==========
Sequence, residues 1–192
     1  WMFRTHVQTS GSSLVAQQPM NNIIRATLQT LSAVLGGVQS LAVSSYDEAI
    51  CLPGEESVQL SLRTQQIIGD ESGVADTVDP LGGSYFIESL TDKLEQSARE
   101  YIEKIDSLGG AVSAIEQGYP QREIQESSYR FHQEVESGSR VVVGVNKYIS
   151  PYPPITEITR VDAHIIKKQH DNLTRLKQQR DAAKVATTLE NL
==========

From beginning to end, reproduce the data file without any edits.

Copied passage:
Sequence, residues 1–192
     1  WMFRTHVQTS GSSLVAQQPM NNIIRATLQT LSAVLGGVQS LAVSSYDEAI
    51  CLPGEESVQL SLRTQQIIGD ESGVADTVDP LGGSYFIESL TDKLEQSARE
   101  YIEKIDSLGG AVSAIEQGYP QREIQESSYR FHQEVESGSR VVVGVNKYIS
   151  PYPPITEITR VDAHIIKKQH DNLTRLKQQR DAAKVATTLE NL